Tell your institution what areas you want to develop collectively. Evidence those areas with data from your students, have they told you how you can make their education better (or those who are coming after them)? Next time you review your unit, or course or program, how can make changes to the way it is taught, how you engage with examples and how you involve students as co-designers? What skills and support do you need to make that happen? Make sure everyone on the team, including the students know they are not alone

How do I do this at a faculty/institutional level?

Develop a comprehensive, agile and multi-format program of academic and professional staff development. Hear what the students are telling you, find more way to listen to it and embed their ideas, perspectives and suggestions into their experience. Support staff to challenge assumptions, understand the complexities of education and make it happen in the classroom and outside where students learn. Link all of this to reward, recognition and promotion. Make innovation part of the way you do teaching and learning by having resources, analytics and experimentation as part of review, redesign and deployment of curriculum, pedagogy and assessment.

Build a community and culture of better education

No-one at your place is alone. Teaching is a social activity, both inside and outside the classroom. Build a culture of peer evaluation and feedback by seeding it at promotion, mentoring and reward levels, but also make it normal not pejorative. Create mechanisms and platforms for staff to share practice through case studies, FAQs, vignettes, critical reflections, you name it, you can use it. Support and develop staff to engage in critical, reflective and evaluative research on their own practice. Implement and make real and authentic the process of curriculum review and validation (stop it being a tick box exercise). Be a part of engaged program team, making changes and hearing the voice of students.

How do I do this at a personal level?

Go watch a colleague teach and have a chat about what you experienced and saw. Read and share some pedagogical research with your colleagues (or students). Create a teaching blog or twitter account where you engage with others teaching what you teach (or how) and share your own critical reflections.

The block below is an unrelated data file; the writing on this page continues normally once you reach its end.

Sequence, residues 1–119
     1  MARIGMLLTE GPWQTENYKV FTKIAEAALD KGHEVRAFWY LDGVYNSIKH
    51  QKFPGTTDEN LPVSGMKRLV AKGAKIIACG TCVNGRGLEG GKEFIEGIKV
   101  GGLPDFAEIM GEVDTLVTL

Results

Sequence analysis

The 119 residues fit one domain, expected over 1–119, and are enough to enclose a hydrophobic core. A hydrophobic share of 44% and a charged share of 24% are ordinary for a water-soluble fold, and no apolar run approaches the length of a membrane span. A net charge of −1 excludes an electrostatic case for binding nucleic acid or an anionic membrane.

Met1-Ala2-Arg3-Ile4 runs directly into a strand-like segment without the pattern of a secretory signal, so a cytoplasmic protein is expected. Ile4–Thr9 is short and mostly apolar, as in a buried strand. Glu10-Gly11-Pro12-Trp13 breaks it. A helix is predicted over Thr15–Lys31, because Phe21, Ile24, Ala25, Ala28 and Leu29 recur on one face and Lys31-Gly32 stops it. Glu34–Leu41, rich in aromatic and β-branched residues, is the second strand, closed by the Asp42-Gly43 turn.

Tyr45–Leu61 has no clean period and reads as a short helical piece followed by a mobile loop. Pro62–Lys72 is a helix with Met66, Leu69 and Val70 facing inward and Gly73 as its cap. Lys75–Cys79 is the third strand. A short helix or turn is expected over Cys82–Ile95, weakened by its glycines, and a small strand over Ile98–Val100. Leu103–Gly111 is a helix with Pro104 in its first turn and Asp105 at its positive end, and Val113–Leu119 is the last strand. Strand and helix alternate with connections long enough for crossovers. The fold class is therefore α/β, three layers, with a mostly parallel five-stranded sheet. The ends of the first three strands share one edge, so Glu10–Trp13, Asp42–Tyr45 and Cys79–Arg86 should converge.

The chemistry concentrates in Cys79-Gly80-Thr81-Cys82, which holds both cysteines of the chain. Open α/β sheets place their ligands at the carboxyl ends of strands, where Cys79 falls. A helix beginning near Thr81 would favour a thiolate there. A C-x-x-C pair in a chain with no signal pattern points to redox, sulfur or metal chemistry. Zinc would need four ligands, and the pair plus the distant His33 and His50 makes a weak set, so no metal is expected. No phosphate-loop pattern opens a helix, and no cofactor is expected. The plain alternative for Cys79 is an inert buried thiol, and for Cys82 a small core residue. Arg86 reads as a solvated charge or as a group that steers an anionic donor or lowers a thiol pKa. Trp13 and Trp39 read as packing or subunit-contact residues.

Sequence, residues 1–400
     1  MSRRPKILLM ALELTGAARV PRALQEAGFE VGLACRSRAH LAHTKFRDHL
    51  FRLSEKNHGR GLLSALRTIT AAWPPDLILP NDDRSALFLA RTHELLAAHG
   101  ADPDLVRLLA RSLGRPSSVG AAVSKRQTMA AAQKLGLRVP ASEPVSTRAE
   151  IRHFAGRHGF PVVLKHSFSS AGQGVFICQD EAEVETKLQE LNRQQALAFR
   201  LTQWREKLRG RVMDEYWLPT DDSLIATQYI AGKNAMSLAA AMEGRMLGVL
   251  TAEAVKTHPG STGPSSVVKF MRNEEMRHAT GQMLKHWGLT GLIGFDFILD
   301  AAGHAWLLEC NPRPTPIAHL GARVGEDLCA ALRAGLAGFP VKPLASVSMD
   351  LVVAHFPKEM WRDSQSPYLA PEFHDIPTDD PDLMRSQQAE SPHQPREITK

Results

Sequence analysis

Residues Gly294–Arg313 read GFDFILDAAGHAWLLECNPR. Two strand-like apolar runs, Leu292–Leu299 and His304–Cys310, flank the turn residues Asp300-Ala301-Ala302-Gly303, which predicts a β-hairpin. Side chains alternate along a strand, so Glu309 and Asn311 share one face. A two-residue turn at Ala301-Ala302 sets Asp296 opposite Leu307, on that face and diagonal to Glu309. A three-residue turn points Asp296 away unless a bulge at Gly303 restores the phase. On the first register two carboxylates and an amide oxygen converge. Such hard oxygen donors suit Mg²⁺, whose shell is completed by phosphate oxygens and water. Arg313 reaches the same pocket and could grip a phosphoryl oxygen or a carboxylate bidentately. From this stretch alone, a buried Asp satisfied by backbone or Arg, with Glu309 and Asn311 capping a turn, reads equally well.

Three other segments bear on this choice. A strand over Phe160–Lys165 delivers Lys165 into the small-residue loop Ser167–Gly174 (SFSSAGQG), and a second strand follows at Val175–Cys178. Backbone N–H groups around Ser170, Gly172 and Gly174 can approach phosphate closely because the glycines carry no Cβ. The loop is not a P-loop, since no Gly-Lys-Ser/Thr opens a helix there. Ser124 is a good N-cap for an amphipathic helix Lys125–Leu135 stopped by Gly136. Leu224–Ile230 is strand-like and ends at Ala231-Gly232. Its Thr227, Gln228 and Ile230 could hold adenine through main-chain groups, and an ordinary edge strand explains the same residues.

How do I do this at a program team or discipline level?

Run a program design workshop, hearing and responding to the voice of colleagues, students, industry and other programs. Launch a mentoring program in your discipline/team for new staff. Set up a discipline twitter account and encourage students and staff to follow it. Have a brown bag lunch discussing topics that arose from your satisfaction surveys.

How do I do this at a faculty/institutional level?

Value teaching and learning in reward and promotion by embedding peer review, practice sharing, mentoring or other activities in the evidence base for these processes. Run a faculty wide event like a teaching and learning conference where staff and students can share their practice with others. Appoint teaching and learning leaders to engage with colleagues and spark discussions at meetings. Build a website full of cases, =videos, FAQs or other ways to celebrate and share the practices of your teachers.

Reward and recognise people who do better education

Don’t just punish poor teaching and expect that the rest of the teachers are simply doing their job. Reward and recognise more than just the best education, find ways to support development, transition, innovation and reflection. Recognise innovation, recognise failure and recognise success, and make that recognition but extrinsic and intrinsic: none of us do education to get rich, many of us do it because we can make a difference. Reward and recognise improvement, don’t punish failure. Have multiple pathways to reward and recognition.